Nanotechnology in medicine: from inception to market domination

Carlo Bellavite Pellegrini, Valentina Morigi, Alessandro Tocchio, J. H. Sakamoto, Marco Arnone, Ennio Tasciotti

Risultato della ricerca: Contributo in rivistaArticolo in rivistapeer review


Globally defined as the application of nanotechnology to the clinical arena, nanomedicine has its roots in the same basic concepts and principles of nanotechnology; that is, materials with the nanoscale features present unique characteristics, otherwise absent at a macroscopic level [1]. Just as nanotechnology benefits frommathematics and engineering, nanomedicine too has a multidisciplinary nature involving notions and techniques borrowed from biology, chemistry, and physics [2]. As a result of this successful marriage, nanostructure materials display emerging functions that have exceptional benefits when applied to medical devices. The success of nanotechnology in the healthcare sector is driven by the possibility to work at the same scale of several biological processes, cellular mechanisms, and organic molecules; for this reason, medicine has looked at nanotechnology as the ideal solution for the detection and treatment of many diseases. One of the many applications of nanotechnology to the medical sector is in the field of drug delivery. The advent of protocols and methods for the synthesis, functionalization, and use of nanoparticles and nanocarriers has flooded the scientific and clinic community with new therapeutic approaches from molecular targeting to radiofrequency ablation and from personalized therapies to minimally invasive techniques. While most members of the investment community are able to grasp the meaning of nanotechnology and can expertly launch andmanage a viable product into the market, they are limited in their conceptual understanding of this scientific discipline and the intricate inner workings behind the product’s functionality [3]. On the contrary, those involved in the scientific research recognize that nanomedicine is an expansion of nanotechnology but have very little understanding of the business expertise required to develop their technologies into a commercial product [3]. Cooperation is therefore needed between the two factions in order to lead nanomedicine-based inventions to a successful market position.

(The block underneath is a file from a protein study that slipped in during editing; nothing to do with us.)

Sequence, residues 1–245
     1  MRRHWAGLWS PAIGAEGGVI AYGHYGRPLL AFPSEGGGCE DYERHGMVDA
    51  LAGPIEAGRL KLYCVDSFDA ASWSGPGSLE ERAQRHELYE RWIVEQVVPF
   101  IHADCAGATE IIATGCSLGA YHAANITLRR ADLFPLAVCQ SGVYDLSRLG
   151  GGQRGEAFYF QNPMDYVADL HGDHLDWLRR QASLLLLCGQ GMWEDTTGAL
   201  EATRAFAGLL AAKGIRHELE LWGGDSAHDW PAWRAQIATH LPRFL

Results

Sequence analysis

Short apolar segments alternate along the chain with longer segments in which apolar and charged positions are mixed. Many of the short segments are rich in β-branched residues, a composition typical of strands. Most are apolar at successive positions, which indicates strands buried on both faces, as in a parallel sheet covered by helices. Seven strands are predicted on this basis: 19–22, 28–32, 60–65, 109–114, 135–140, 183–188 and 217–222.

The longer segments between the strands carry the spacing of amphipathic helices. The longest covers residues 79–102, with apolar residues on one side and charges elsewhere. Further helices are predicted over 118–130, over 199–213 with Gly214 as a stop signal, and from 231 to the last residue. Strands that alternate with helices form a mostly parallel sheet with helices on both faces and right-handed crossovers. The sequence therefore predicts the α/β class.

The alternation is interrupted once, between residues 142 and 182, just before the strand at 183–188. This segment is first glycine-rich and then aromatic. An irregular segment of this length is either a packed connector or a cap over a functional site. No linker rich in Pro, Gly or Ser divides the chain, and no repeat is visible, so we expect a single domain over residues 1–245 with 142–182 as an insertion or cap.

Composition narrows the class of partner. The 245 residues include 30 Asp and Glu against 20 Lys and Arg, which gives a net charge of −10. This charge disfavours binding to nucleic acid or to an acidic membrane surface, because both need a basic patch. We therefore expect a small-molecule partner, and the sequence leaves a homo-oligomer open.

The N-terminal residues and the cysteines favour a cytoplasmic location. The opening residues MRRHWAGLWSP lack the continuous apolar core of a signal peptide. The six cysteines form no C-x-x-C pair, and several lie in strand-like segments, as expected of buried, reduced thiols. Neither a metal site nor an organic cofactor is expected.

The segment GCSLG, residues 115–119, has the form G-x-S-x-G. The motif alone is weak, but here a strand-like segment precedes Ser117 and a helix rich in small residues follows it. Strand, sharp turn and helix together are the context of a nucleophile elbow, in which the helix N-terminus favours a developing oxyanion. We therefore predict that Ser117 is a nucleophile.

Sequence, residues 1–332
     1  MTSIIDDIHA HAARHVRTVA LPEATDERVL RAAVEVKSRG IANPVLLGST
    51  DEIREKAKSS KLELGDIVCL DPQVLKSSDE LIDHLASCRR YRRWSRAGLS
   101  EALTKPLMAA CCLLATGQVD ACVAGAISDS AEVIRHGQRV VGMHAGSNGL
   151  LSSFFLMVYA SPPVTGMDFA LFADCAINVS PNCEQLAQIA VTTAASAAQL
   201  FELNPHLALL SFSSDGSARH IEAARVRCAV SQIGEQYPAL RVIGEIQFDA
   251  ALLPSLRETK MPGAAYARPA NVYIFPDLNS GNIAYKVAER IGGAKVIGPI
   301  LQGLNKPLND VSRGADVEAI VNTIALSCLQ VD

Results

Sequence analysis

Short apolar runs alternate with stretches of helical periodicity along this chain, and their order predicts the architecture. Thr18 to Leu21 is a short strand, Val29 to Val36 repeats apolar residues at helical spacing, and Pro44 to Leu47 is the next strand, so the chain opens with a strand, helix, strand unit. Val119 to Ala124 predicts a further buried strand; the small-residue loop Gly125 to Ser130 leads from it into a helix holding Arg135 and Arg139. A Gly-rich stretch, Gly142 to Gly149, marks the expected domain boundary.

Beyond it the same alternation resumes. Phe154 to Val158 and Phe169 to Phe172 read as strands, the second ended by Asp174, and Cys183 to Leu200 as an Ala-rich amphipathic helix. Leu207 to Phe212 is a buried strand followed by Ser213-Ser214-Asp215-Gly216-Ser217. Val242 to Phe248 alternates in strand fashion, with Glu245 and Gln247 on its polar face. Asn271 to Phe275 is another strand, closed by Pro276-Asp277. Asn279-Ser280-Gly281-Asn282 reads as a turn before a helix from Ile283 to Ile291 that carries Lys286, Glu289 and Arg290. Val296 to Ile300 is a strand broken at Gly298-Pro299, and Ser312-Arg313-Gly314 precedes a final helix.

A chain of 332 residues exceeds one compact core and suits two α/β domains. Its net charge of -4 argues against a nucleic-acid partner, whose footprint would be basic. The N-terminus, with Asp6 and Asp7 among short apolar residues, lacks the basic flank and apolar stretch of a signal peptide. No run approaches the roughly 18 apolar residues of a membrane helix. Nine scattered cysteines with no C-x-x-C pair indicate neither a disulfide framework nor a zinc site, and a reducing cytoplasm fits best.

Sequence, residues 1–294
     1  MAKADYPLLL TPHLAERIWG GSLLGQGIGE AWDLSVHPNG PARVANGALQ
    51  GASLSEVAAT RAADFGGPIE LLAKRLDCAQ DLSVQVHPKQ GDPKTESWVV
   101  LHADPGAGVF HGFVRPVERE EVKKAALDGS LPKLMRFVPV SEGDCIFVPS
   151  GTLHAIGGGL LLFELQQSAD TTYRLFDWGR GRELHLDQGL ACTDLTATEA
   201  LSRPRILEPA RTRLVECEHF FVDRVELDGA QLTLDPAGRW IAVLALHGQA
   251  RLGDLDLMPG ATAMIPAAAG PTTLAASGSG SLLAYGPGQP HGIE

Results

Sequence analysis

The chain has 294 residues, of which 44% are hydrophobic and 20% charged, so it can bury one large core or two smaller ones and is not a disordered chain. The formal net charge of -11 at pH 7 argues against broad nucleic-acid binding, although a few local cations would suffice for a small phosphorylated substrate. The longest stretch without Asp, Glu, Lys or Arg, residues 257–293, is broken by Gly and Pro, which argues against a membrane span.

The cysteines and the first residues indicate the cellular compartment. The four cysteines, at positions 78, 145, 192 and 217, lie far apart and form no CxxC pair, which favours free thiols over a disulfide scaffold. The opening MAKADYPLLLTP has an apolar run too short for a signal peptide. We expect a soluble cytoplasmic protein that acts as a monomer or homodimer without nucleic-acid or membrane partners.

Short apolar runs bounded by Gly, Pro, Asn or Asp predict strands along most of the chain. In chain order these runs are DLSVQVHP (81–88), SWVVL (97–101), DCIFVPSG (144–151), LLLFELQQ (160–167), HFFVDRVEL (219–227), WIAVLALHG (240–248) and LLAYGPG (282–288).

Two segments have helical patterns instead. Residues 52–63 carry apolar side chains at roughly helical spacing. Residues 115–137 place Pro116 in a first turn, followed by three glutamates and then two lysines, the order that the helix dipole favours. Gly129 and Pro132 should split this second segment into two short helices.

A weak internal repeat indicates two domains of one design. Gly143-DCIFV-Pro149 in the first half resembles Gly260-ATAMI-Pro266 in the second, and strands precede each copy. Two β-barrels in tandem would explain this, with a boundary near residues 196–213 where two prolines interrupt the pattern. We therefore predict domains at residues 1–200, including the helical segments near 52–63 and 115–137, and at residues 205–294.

Lingua originaleEnglish
pagine (da-a)1-7
Numero di pagine7
Stato di pubblicazionePubblicato - 2012




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